Eight-Week Challenge: Week Six Results

Week 6

Six weeks into the challenge, and my progress remains positive, though always with something just beyond my easy grasp. Something worth striving for.

As a reminder, here are my goals for the eight-week challenge:

  • eat more nutritious food with fewer empty calories,
  • spend one day a week reading the backlog of magazines sitting on the end table (changed to read an average of five magazines each week from the backlog, now completed, so I’ve dropped the reporting), and
  • write at least 500 (increased to 750 since the magazine backlog is gone) words per day for at least five days each week.

Healthy Eating

I have been experimenting with ways to make my plant-based meals more interesting. For salads, I’ve added a variety of flavored vinegars including a great orange flavored one I found at Trader Joe’s. To complement it, I add orange segments to my salads, something I learned to do years ago when a church in my home area that hosted an annual spaghetti dinner found fresh tomatoes to be too expensive to use in their salads one year. They substituted oranges that year. It was so popular the church continued using oranges instead of tomatoes ever after.

Several months ago I purchased a spiralizer which I use to turn zucchini into a spaghetti substitute. Before I switched my diet, I would top the zucchini swirls with meatballs and sauce. Now, I add thinly sliced onions and julienned green peppers and stir fry them in coconut oil (long believed to be bad for health because it has saturated fat, but more recent studies indicate it has significant healthy properties). I add lentils, beans, or nuts for protein, and top it off with salsa. Today’s variety was a western salsa that included corns and black beans.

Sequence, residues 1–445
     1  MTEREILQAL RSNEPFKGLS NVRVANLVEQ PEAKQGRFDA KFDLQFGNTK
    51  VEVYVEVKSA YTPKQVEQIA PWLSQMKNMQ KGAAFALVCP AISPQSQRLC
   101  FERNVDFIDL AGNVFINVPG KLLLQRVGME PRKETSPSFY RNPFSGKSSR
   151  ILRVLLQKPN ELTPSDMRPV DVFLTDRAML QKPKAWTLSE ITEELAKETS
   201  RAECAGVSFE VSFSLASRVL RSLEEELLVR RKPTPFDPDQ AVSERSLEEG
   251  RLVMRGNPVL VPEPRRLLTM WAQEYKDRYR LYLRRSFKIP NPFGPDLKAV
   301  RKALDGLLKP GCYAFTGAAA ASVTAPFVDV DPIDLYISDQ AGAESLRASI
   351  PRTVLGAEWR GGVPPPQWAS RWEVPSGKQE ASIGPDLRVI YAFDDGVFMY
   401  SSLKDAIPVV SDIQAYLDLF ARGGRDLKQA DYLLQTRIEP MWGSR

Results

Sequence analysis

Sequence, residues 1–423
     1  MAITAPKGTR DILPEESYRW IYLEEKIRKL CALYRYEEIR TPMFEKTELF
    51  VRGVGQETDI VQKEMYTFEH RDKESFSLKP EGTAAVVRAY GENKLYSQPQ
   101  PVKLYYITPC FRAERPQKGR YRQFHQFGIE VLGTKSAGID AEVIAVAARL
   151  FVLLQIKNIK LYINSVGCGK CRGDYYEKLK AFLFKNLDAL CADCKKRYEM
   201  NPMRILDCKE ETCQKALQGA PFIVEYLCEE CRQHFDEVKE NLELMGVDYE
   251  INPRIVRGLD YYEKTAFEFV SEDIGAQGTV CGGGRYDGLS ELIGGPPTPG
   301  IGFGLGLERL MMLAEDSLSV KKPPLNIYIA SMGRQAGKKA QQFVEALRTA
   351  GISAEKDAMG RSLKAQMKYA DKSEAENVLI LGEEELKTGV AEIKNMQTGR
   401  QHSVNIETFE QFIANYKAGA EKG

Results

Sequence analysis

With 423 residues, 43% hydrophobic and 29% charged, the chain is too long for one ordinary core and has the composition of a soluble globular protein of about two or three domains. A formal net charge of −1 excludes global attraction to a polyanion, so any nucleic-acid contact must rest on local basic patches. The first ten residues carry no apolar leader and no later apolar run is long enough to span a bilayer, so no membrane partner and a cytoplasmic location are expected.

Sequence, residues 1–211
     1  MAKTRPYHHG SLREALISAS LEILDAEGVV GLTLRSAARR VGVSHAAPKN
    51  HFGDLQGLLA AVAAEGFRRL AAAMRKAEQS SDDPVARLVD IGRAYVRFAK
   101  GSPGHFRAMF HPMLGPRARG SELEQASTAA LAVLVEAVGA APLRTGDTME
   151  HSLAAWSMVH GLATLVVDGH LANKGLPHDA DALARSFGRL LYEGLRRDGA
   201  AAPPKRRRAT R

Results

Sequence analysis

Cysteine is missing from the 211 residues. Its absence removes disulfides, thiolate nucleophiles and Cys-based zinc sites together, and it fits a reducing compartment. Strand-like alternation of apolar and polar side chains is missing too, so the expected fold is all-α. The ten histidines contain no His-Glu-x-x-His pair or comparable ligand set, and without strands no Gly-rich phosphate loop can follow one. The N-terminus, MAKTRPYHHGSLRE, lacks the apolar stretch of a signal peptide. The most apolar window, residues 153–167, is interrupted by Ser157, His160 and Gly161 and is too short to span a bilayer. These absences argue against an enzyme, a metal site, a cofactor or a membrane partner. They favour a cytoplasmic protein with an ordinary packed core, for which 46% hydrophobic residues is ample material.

Writing

I increased my target for writing from 500 to 750 words each day at least five days per week since my magazine backlog is gone. And that is proving to be my challenge. My hope was to use the challenge to get more done on my memoir, but more often than not, I’ve been writing posts for this blog to get above 750 words. I’m pleased with having written more here, but disappointed that I can’t seem to get past the plateau I reached a few weeks back with my memoir draft.

I’m considering starting a  new project, a children’s book, instead of trying to plod on with the memoir. Perhaps I can bang some new thoughts from my brain by looking at things from a new viewpoint. And I have a built-in audience to try out the children’s book idea in our grandchildren.

Readers Write-Holding On

The Sun banner

Each month, The Sun magazine offers fiction, poetry, essays, interviews, and photos in a black-and-white format without advertising. Each issue includes provocative ideas from people of science, religion, philosophy, the arts, or a combination. Each issue also includes Readers Write, a feature compiling nonfiction submissions from the magazine’s readers on an intentionally broad topic. Occasionally I submit pieces for consideration. More often, I write essays on the topics too late to submit them.